Estonia – The duo Malcolm Lincoln and the group Manpower 4 have won the ticket to Norway on behalf of Estonia with the song Siren. I have done a little research on Malcolm Lincoln. First, the singer was on Estonian Idol (Idol count = 6). Second, he is said to have a “surrealist” writing style. Which, according to Wikipedia, means that he first babbles nonsense to a melody, then tries to figure out what words the babbling most likely resembles. Third, the duo is said to best fit into the electronic/techno genre. This should make for an interesting combination! When I think of the term “siren” the first thing I think about is The Odyssey the island of beautiful women that lured sailors to their doom. And, given that this is the ESC, it is probably this connotation they are going for, only set to a crazy techno-dance groove. Obviously, it won’t be about a the ancient poem, but about some girl who tempts the singer (though, it might be more interesting if the song was about the epic). This could benefit from being different and from Estonia’s success last year. But I don’t think so. I think, instead, they will go way to far and crazy on the performance, which will turn-off viewers, which will result in low votes.
Sweden – The Swedes are typically the last to decide and with due reason. Historically, they have the most elaborate and most popular selection special of all the participating countries. While they were not the last to decide this year, the outcome of Melodifestivalen was still one of the most anticipated. The winner this year was This is My Life performed by Anna Bergendahl (bringing our Idol count to 7). Despite SVT’s claims that “there will be a mix of music genres in Melodifestivalen this year,” the final round seemed to be full of good ol’ fashioned schlagger. And while this approach most likely will not work for the Brits, people have come to expect and love it from the Swedes, and will vote for it. Sweden will most likely continue it’s streak of Grand Final qualifications, only a few countries can say that they have qualified for the Final since 2004 (Ukraine, Turkey, Greece, Bosnia & Herzegovina, Romania, and Russia are the others). I am, as of now, still undecided regarding how Sweden will do once it reaches the Final.
Azerbaijan – Azerbaijan actually chose their singer a while ago, but held off from choosing an official song. The three finalist each performed three out of four chosen songs, with a single artist being named the winner and the song being determined at a later date. After needless delay, Azerbaijan finally chose a song, Drip Drop. I was not overly impressed with any of the candidates (except for one of the semi-finalists, Ulviyya Rahimova and her song In Love). They all were decent in the karioke portion of the contest, and all were equally as weak in the original song performance. But, it’s Azerbaijan, expect another ill-gotten top ten finish with a generic pop song posing as something psuedo-ethnic.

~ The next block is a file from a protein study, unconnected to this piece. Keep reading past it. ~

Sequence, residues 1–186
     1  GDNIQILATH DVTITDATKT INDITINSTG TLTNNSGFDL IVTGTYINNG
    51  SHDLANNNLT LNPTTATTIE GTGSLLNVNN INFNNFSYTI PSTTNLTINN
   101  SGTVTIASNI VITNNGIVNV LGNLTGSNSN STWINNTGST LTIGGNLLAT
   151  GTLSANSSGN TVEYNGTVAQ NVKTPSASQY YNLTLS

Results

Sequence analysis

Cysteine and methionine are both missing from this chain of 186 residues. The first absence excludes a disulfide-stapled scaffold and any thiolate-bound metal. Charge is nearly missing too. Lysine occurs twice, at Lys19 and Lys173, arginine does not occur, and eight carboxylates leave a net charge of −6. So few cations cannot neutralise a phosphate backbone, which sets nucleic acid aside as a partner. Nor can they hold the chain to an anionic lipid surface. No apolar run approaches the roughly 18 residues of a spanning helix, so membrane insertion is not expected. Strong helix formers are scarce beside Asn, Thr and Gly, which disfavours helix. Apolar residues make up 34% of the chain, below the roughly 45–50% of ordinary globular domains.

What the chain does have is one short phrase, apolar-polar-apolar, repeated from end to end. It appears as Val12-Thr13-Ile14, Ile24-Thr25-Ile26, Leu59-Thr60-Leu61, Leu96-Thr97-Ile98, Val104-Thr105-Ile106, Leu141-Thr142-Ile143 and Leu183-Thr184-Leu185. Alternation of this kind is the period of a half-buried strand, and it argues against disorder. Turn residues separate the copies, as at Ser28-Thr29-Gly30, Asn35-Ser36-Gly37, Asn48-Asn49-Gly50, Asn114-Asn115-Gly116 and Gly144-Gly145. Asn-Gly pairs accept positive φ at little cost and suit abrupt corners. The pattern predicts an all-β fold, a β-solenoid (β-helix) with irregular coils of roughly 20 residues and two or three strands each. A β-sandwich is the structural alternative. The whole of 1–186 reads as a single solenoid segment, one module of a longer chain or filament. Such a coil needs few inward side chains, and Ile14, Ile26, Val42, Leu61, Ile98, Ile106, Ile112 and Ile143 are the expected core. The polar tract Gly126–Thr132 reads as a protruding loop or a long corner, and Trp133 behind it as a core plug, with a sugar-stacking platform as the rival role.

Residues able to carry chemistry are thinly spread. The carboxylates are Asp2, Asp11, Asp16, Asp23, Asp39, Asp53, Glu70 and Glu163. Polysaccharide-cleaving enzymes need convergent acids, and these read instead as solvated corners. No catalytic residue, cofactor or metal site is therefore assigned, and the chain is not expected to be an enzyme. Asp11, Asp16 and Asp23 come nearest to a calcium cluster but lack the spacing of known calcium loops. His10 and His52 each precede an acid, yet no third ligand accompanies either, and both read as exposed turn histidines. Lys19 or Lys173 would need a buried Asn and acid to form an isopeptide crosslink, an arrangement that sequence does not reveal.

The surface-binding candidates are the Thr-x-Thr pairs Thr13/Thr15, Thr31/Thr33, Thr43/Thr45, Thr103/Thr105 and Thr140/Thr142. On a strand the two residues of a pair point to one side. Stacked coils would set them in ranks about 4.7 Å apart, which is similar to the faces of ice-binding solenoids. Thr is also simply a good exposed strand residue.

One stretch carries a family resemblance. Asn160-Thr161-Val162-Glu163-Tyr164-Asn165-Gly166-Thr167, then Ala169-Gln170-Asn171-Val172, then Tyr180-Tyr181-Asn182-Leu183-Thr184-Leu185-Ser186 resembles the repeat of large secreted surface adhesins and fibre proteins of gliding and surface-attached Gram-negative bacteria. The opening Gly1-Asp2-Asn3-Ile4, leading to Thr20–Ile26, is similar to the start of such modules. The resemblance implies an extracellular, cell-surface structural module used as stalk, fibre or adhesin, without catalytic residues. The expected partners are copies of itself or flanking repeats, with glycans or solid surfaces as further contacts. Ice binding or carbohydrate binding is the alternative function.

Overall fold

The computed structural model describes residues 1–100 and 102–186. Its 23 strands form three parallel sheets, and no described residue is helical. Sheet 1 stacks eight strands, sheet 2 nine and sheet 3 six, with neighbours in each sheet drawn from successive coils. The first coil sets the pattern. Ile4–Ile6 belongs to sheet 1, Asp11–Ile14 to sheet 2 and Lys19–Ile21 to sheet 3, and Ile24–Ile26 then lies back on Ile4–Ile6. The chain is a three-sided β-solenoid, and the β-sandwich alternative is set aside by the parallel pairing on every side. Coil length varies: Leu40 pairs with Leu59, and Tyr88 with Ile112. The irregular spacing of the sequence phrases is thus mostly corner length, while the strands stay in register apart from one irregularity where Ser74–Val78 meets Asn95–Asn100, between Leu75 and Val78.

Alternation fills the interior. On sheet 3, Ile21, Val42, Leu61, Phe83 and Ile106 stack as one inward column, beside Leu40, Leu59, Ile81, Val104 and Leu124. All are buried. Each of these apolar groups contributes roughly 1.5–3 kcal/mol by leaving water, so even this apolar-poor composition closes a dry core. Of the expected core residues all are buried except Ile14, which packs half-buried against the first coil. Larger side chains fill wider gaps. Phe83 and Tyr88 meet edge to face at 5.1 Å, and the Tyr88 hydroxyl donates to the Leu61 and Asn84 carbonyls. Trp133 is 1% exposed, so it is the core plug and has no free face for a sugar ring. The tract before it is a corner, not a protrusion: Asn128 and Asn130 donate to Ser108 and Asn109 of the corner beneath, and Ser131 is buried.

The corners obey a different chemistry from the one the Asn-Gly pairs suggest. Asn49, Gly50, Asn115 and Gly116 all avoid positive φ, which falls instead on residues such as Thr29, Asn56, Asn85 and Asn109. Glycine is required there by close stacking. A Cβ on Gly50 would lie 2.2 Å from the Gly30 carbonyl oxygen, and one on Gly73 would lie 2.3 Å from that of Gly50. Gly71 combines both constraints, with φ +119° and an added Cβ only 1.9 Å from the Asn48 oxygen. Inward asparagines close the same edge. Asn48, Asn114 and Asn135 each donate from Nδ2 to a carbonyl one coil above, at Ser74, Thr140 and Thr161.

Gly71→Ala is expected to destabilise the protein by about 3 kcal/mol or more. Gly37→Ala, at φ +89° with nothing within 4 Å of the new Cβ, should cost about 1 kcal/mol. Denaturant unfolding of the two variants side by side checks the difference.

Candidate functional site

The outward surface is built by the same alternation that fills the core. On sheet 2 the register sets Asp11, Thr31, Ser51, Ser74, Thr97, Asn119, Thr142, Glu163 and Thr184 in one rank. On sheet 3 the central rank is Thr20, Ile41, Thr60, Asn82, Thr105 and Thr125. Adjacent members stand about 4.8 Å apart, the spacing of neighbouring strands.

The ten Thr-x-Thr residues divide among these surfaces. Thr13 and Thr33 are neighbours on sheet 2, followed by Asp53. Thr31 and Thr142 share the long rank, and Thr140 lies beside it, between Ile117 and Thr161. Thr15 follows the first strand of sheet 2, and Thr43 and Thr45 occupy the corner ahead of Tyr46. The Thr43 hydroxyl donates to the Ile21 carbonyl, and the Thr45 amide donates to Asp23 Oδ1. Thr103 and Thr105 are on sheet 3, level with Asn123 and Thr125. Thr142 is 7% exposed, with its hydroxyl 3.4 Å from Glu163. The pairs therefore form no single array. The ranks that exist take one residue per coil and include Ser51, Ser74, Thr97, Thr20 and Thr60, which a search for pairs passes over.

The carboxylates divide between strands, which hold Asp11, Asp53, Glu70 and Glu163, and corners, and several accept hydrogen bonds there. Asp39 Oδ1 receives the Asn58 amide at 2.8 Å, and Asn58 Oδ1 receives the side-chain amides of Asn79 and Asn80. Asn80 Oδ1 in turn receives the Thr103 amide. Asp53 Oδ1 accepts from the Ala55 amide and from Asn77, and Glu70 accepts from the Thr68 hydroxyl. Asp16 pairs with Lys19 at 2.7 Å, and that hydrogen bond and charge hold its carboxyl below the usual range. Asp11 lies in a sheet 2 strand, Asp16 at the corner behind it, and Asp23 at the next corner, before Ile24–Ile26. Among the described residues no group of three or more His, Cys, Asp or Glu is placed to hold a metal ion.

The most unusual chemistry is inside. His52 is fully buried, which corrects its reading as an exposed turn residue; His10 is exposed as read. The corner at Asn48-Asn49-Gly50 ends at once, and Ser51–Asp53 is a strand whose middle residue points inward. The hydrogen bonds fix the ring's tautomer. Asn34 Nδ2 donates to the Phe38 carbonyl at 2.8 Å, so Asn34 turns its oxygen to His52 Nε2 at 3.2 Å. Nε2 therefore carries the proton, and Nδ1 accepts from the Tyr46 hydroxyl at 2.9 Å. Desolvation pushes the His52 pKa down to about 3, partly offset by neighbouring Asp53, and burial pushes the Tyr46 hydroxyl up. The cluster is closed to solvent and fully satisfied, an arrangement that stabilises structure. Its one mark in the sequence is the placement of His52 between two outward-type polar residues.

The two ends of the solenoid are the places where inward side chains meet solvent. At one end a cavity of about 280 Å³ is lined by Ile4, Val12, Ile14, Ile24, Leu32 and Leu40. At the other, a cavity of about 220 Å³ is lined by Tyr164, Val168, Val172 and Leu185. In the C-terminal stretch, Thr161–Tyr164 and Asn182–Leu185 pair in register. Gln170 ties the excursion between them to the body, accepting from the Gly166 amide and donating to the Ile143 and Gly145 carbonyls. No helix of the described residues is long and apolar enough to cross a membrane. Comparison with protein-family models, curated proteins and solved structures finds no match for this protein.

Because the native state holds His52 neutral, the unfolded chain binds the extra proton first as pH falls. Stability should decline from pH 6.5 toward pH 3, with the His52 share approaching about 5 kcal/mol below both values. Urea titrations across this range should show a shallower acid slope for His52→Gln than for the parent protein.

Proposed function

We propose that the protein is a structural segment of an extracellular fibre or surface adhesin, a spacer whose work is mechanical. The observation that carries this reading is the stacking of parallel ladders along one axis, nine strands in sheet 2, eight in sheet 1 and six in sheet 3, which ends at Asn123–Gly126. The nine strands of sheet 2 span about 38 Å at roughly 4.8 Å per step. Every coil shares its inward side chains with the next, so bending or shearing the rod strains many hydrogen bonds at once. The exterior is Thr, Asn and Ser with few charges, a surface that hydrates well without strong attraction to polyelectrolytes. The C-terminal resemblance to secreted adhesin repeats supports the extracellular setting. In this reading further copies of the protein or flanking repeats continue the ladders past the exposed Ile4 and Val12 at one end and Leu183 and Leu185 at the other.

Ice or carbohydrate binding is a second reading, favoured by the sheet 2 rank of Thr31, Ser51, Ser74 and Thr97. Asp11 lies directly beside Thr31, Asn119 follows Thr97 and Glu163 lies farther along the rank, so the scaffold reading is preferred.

Belarus – The Belorussians have changed their song! Originally, 3 + 2 was supposed to perform Far Away in Norway, however, this was changed at the last minute to the ballad, Butterflies. I couldn’t find a reason behind this other than the fact that the original song wasn’t all that good (as soon as the change in plans was announced, I listened to Far Away, let’s say I won’t be choosing to do that again anytime soon). Hopefully, Butterflies will get the added votes that Belarus wants.
Israel – Israel, one of the first to announce their artist, was supposed to have the final song selection on its annual K’dam Eurovision show, though the Ukraine will have that honor. You all already know my great favor towards Harel Skaat, as I bought his debut album after Israel announced he was to be the singer and I listened to some of his earlier work. Not only does he have a great voice, he is quite nice to look at! Anyway…the song chosen for him by both, the juries and the televoting pubilc, was מילים or Milim (which means “words” – in case you are like me and don’t know Hebrew). Given the fact that Milim was the unanimous favorite, and that the other three songs are all awesome, I think Israel will not only make the Final, but reach the Top Five. But maybe I’m just blinded by my fandom for Skaat, though, I honestly believe that Israel will do quite well this year.